Can We Improve Decision-Making Skills? Introducing New Speaker Francesca Gino
In a new Harvard Business Review article, Gino (and her co-author John Beshears) outline how leaders can make better decision-makers. It's difficult to change the way our brain is hard-wired to make decisions, they say. But what we can do is alter the environment in which we make decisions: acting as architects of the context of our decisions.
The authors' five-step process "can be applied to a wide range of problems, from high employee turnover to missed deadlines to poor strategic decisions," they say. Here it is:
(1) Understand the systematic errors in decision making that can occur
(2) Determine whether behavioral issues are at the heart of the poor decisions in question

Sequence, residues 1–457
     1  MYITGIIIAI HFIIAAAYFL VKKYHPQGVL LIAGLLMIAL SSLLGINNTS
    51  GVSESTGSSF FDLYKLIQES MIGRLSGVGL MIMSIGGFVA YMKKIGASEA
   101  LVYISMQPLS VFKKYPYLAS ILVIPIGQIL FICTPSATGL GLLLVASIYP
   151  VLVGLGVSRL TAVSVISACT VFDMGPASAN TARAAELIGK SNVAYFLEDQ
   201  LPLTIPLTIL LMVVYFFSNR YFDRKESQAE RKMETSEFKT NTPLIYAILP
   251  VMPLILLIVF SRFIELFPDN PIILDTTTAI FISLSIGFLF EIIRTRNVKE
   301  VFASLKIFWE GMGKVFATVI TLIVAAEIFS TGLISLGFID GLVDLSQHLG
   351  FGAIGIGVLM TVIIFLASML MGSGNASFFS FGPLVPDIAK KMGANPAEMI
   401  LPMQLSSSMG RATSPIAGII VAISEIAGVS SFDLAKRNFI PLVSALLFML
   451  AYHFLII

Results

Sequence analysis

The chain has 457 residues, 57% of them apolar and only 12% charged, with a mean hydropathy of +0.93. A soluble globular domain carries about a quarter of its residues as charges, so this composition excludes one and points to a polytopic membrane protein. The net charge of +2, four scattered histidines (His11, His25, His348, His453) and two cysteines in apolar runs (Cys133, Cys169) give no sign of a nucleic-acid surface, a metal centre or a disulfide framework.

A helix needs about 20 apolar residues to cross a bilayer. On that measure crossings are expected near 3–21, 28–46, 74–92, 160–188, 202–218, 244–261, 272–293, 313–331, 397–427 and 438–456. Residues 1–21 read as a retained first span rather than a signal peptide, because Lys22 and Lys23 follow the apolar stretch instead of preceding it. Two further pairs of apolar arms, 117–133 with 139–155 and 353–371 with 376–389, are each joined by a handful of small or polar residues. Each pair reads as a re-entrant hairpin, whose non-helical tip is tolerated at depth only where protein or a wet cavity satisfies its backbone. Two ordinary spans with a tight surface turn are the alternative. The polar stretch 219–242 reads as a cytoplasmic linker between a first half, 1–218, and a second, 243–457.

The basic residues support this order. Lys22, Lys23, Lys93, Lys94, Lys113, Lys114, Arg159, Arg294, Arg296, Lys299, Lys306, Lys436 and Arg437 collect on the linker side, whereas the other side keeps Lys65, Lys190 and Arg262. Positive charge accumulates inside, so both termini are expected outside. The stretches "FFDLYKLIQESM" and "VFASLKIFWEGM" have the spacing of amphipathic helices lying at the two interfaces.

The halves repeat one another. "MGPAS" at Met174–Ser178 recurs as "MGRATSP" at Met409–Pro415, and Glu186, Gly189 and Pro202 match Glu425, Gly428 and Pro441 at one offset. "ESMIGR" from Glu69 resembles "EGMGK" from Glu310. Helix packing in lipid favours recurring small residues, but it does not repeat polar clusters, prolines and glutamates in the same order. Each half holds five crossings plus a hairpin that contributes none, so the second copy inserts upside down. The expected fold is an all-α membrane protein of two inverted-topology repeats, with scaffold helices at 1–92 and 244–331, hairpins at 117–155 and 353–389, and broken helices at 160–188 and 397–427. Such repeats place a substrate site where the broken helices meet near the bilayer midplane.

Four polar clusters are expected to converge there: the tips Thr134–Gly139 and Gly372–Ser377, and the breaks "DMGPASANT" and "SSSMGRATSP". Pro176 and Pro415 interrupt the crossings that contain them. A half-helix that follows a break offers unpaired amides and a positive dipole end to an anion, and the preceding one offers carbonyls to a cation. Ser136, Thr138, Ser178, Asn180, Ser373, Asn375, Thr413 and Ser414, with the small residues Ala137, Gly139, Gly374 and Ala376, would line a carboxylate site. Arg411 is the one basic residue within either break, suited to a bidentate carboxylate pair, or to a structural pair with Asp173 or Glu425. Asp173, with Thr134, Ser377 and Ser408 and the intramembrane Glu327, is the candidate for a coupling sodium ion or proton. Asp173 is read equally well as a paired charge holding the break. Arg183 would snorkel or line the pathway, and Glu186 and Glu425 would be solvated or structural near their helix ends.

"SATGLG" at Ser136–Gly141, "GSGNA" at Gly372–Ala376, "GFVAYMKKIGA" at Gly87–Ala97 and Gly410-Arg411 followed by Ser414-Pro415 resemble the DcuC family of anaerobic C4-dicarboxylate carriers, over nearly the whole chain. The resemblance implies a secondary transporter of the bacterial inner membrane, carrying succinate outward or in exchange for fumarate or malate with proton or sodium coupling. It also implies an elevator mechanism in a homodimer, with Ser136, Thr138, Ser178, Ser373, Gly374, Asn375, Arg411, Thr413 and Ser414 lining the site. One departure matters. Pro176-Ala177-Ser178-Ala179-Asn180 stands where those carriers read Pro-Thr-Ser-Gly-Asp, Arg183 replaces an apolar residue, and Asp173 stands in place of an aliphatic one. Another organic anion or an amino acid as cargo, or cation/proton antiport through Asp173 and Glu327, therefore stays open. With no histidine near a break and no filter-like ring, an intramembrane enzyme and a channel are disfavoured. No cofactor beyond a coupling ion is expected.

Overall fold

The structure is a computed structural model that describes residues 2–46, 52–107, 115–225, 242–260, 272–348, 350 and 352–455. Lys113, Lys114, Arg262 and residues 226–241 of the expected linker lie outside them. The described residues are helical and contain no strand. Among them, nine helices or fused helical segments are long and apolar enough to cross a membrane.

(3) Pinpoint the specific underlying causes
(4) Redesign the decision-making context to mitigate the negative impacts of biases and inadequate motivation
(5) Rigorously test the solution
For the detailed strategy and how to implement it at your place of work, we encourage you to read the full article in HBR.
In her talks, Gino explores inconsistent decisions played out in a wide range of circumstances—from our roles as consumers and employees (what we buy, how we manage others) to the choices that we make more broadly as human beings (who we date, how we deal with friendships). What factors are likely to sway our decisions in directions we did not initially consider? And what can we do to correct for the subtle influences that derail our decisions? Gino helps you better understand the nuances of your decisions and how they get derailed—so you have more control over keeping them on track.
To book Francesca Gino as the keynote speaker for your next event, contact The Lavin Agency speakers bureau.